From the Editor

From the editor: Are we all singing from the same hymn book?

With the 2016 budget looming and plenty of speculation over what changes might be included regarding superannuation, one item that has received a lot of discussion in the past few weeks is the importance of enshrining the purpose of superannuation in law.

To this end, Assistant Treasurer Kelly O’Dwyer released a discussion paper to garner views from all sections of the public to arrive at the most appropriate definition of the goal of the country’s compulsory retirement savings scheme.

According to O’Dwyer, the process of enshrining the purpose of superannuation in law is to make sure policymakers and regulators have guidance as to what people’s retirement savings are there for before any changes are made to the system.

If this move can manage to encourage our politicians to exercise a greater level of self-discipline, leading them to stop and think about what the pool of superannuation money is there for before contemplating touching it, it would be a win for everyone.

Treasurer Scott Morrison’s message was all about what the superannuation system was not designed to do.

His presentation stressed superannuation was not to be used as a vehicle to transfer wealth between generations, that is, the system’s intention is not for individuals to have a significant sum of unused retirement savings upon their death.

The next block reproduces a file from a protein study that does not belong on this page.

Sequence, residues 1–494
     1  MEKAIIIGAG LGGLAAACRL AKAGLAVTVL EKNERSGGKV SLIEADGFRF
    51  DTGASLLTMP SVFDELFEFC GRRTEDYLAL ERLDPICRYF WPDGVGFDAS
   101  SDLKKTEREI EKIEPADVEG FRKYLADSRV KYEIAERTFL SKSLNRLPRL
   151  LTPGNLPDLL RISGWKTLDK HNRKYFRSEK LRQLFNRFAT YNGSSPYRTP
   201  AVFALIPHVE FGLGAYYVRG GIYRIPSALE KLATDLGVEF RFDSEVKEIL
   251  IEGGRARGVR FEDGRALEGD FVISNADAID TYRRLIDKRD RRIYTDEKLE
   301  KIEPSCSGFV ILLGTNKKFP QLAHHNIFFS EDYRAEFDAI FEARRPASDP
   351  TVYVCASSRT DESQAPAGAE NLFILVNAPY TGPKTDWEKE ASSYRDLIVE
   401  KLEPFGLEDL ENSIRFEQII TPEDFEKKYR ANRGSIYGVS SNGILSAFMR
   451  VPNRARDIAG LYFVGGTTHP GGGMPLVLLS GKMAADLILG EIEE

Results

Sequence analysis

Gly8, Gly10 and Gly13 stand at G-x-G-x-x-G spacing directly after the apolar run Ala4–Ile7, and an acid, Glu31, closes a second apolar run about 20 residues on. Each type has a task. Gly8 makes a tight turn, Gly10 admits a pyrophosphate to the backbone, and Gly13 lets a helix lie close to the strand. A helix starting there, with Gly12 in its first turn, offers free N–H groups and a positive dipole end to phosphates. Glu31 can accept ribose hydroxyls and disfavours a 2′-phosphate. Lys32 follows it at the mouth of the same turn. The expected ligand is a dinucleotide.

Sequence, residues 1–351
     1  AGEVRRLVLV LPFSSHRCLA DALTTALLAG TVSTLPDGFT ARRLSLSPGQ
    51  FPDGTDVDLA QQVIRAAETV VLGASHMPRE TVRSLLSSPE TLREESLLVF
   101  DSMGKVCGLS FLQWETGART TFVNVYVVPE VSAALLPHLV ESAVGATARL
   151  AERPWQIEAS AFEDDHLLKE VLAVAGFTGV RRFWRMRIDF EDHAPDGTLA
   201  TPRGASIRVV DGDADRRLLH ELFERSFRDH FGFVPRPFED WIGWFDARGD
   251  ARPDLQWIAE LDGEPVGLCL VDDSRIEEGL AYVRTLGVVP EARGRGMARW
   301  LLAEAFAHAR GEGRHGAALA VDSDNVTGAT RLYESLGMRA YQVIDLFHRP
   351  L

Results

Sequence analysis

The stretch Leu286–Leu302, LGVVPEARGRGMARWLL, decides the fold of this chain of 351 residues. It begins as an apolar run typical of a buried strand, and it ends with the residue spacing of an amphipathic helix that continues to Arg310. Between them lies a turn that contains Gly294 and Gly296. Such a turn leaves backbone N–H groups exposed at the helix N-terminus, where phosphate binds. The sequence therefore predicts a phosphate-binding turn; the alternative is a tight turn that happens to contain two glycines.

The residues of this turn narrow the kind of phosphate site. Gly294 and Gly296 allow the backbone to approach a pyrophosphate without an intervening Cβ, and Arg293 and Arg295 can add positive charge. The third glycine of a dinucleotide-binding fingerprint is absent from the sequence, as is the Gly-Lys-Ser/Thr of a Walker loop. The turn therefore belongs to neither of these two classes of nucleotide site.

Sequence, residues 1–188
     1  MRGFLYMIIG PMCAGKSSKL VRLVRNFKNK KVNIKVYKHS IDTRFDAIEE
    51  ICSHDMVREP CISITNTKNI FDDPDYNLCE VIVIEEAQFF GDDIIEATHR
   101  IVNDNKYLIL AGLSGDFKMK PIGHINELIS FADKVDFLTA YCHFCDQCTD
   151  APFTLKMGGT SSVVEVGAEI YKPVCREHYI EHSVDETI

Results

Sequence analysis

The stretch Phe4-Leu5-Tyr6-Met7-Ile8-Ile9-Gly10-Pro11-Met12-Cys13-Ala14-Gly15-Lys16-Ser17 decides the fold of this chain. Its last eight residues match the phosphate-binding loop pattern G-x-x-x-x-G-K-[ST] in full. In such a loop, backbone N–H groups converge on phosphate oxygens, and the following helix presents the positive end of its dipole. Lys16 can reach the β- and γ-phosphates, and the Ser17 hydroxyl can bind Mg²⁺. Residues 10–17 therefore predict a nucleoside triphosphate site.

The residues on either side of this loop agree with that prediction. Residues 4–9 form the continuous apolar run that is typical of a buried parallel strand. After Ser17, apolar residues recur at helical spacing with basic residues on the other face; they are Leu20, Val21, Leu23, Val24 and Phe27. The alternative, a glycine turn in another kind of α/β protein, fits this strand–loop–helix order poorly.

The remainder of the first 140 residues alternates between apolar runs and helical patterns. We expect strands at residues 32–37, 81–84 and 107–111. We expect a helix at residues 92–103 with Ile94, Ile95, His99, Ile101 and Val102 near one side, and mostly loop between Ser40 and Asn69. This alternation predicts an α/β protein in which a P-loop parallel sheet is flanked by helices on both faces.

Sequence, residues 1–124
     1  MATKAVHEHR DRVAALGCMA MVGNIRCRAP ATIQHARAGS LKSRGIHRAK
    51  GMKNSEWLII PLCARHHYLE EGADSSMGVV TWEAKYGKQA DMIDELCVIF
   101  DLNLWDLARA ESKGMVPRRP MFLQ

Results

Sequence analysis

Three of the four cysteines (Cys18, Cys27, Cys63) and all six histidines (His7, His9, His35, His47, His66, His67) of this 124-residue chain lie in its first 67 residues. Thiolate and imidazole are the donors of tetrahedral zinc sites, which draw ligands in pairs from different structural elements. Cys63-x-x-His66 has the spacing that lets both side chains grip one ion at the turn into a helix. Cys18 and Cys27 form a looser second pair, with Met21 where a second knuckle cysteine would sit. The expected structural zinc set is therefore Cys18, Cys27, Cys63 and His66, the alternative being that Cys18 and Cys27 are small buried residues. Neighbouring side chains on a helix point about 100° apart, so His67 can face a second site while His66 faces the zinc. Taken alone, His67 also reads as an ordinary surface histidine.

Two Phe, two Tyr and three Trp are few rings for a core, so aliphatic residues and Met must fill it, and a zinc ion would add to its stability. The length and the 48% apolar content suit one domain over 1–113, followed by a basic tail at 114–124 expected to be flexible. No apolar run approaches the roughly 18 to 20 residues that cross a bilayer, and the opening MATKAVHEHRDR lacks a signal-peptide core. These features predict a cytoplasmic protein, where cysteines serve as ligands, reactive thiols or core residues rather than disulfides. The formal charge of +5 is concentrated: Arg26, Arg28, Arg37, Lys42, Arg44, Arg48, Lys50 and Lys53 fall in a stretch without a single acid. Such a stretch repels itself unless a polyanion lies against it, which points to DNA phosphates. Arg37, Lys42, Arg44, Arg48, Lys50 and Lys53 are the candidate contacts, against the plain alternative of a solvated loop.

While this might be a valid statement, it may not be entirely practical. The recent volatility in equity markets around the world has heightened awareness of sequencing risk, whereby investors in later life have no time available to compensate for market downturns in future years. And one form of protection is to accumulate a larger retirement savings asset pool.

Further, modern medicines are resulting in people living longer, increasing the risk of running out of money in retirement. Again the safeguard against longevity risk is to save more for one’s retirement.

If a person builds a big enough safety net, in the form of a large superannuation balance, to combat these two issues, it stands to reason there will be some assets left over that could be passed on to the next of kin.

While I know the Treasurer was probably trying to deter people from having intergenerational wealth transfer as their primary purpose for their superannuation, it still shows me Canberra is sending mixed messages on the subject.

On the one hand, enshrining the purpose of superannuation in law is aimed at building confidence in the system so people will save more for retirement, while on the other we are being told not to save too much so large amounts are not inherited by others once a superannuant dies.

The more cynical among us might even see the Treasurer’s message as a forewarning for the reintroduction of specific death duties – a move a lot of people would consider regressive. But with the budget still currently in massive deficit, nothing can be ruled out.

One thing is for sure: the narrative around superannuation needs to be more consistent and certain in order to build real confidence in the system.

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